But the mosque in Free Men is not an inviolable space. The same may be said of mosques in New York and many other places in the northeastern United States, sanctums once secured by faith in the First Amendment. Members there will now be wary of informers—latter-day Youneses in their midst—and the patronizing assurances of city officials. While one should not conflate the NYPD and Nazi or Vichy authorities, Ferroukhi’s film reminds us that surveillance is never passive or limited in scope. It is by nature capricious, spilling into communities and areas of life to which it has no legal or moral right.
Younes experiences this reality when, strolling down a street, he stumbles upon a roundup of Jews. A Gestapo officer corners him and looks at his papers skeptically, before forcing Younes to drop his pants to prove he’s not circumcised. This humiliation doesn’t satisfy the officer, who nearly throws Younes onto a transport before another officer confirms the authenticity of his papers. The incident is one of several close calls throughout the film, which doesn’t build toward a climax so much as it maintains a slow boil of suspicion, paranoia, and recrimination. In this cauldron, ethnic and religious barriers break down; conceptions of guilt and innocence become similarly occluded.
“First they came for the communists, and I didn’t speak out because I wasn’t a communist”—Martin Niemöller’s famous quote about mutual responsibility and speaking out for minority rights has been deployed so many times and in so many contexts that it has nearly been denatured of meaning. In reality, while Niemöller’s sentiment is laudable, his statement is misleading. A corrupted authority rarely targets a single group in isolation; instead, it tends to range widely and aggressively, viewing many populations through the same prejudicial lens. And so, when the Associated Press reported on NYPD spying, it also found that Hindus, Sikhs, and Persian Jews were under observation, their movements and relationships filed in department dossiers. Similarly, it should not be surprising that the New York Times discovered that the NYPD has followed and confronted Occupy Wall Street activists. One 32-year-old man, an American citizen born in Pakistan, was arrested at an Occupy protest only to be asked if he knew anyone in al-Qaida.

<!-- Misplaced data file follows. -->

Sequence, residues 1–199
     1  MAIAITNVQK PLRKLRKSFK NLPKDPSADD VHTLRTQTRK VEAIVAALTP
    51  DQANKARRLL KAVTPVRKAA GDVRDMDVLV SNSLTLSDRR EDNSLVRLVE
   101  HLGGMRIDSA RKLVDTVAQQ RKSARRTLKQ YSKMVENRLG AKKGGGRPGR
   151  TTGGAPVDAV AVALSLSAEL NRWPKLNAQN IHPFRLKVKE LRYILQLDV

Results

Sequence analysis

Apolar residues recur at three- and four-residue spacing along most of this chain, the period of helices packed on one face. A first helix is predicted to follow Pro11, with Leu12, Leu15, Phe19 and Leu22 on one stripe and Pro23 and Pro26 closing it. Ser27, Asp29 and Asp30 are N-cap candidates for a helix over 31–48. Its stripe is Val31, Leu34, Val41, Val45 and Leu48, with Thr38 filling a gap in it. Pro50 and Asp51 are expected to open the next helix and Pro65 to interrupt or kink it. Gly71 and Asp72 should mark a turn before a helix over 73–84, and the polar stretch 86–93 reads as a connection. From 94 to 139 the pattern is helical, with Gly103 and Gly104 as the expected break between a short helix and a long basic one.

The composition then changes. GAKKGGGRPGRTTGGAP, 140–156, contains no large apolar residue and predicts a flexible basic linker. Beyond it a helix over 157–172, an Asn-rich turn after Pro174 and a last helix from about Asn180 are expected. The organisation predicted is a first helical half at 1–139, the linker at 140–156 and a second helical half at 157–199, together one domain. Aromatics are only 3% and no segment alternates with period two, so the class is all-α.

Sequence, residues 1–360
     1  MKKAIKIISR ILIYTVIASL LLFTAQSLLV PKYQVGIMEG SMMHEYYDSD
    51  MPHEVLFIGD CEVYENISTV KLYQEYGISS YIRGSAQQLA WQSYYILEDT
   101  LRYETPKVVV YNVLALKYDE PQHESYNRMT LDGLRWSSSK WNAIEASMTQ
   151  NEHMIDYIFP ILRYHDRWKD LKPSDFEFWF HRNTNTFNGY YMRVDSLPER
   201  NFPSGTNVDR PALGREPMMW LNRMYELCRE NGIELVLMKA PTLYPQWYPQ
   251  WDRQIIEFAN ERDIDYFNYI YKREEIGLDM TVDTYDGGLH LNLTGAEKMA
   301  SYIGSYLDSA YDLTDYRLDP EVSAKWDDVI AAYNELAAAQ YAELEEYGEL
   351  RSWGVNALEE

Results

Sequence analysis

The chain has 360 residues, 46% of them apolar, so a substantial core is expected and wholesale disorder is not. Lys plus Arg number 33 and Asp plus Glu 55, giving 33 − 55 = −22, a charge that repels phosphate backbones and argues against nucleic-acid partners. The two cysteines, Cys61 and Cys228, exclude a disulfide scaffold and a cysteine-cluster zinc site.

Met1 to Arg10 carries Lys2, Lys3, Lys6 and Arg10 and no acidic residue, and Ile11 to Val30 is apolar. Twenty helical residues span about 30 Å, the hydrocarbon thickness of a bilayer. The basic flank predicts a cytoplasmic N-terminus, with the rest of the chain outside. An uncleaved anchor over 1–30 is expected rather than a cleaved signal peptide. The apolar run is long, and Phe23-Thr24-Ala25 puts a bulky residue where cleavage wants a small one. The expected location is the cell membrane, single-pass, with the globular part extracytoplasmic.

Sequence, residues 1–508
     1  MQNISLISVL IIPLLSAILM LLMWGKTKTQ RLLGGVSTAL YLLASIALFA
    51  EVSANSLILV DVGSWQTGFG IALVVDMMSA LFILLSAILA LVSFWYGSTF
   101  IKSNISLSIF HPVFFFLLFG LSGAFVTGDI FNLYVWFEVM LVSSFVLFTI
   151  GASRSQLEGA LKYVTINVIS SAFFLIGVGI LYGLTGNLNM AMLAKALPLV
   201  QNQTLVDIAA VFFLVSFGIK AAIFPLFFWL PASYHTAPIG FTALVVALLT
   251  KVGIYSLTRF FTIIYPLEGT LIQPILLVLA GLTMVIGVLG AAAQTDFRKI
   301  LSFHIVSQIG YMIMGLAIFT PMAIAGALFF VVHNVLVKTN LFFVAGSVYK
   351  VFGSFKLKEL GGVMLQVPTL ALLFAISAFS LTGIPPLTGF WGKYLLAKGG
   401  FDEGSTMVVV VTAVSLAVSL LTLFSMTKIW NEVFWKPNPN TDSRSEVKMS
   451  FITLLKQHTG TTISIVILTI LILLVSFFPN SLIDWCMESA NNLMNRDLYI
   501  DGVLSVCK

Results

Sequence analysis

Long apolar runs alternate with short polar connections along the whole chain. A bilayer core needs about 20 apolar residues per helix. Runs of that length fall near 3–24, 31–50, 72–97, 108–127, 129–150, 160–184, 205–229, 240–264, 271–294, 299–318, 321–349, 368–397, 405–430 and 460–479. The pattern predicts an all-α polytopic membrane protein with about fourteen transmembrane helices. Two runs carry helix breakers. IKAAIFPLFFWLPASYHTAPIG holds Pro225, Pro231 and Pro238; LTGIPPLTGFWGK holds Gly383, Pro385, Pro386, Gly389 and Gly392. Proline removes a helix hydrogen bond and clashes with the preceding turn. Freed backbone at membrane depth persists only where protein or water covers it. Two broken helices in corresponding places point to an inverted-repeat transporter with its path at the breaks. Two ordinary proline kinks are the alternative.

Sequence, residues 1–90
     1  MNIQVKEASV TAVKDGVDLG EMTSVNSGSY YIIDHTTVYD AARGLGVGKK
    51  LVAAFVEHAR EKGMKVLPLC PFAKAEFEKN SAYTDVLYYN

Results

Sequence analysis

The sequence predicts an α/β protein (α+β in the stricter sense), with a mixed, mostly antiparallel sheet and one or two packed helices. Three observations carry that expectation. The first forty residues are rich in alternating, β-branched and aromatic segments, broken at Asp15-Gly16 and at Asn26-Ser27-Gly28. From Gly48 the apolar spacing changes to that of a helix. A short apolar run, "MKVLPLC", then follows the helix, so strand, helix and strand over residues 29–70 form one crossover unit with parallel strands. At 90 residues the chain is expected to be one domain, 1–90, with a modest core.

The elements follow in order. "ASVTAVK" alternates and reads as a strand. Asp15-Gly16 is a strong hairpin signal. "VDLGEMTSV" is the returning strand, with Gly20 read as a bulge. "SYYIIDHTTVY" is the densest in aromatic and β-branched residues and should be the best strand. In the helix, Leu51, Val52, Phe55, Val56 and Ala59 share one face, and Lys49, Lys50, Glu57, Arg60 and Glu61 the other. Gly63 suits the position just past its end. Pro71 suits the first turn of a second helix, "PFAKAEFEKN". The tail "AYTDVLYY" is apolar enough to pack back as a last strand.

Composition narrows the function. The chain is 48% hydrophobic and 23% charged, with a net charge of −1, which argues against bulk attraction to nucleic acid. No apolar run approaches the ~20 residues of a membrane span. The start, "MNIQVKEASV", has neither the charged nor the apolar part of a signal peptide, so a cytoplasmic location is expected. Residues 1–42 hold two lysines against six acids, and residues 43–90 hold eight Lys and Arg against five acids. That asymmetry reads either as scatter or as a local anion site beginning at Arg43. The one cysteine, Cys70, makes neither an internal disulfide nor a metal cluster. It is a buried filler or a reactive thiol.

Broad-spectrum surveillance and a wartime footing now characterize the NYPD, which newspapers have taken to referring to as a domestic intelligence organization. The federal government’s tendency to infantilize the same population it is politically beholden to has trickled down to the city’s police force: “We have to keep this country safe,” said New York Mayor Michael Bloomberg recently in response to the AP reports. “This is a dangerous place. Make no mistake about it.” In Free Men, too, authorities warn Ben Ghabrit that his cooperation is as beneficial as it is necessary.
One might then view Free Men as a parable about the consequences of surveillance and ethnic profiling taken to its callous extreme—one that, it bears repeating, the NYPD, despite its overreach, is far from realizing. The film is also a heartening tale about the necessity of communal solidarity, but also its limitations. (Jewish students, seeking to bridge political divides, have rallied on behalf of their Muslim peers; Jewish community leaders, on balance, have not.) Younes’ development into a hardened resistance fighter happens mostly off-screen—an epilogue shows him, mustached and confident, arriving in liberated Paris. When he visits the mosque—a place that, although he was never religious, had become dear to him—he seems uncomfortable. The place no longer feels like a shelter; the pall of collaboration, of a sanctuary violated, remains. And when Younes approaches Ben Ghabrit, it is a relief to see the older man still alive, but his wizened face shows a few more lines, the marks of someone forced to make accommodations that should never have been required of him.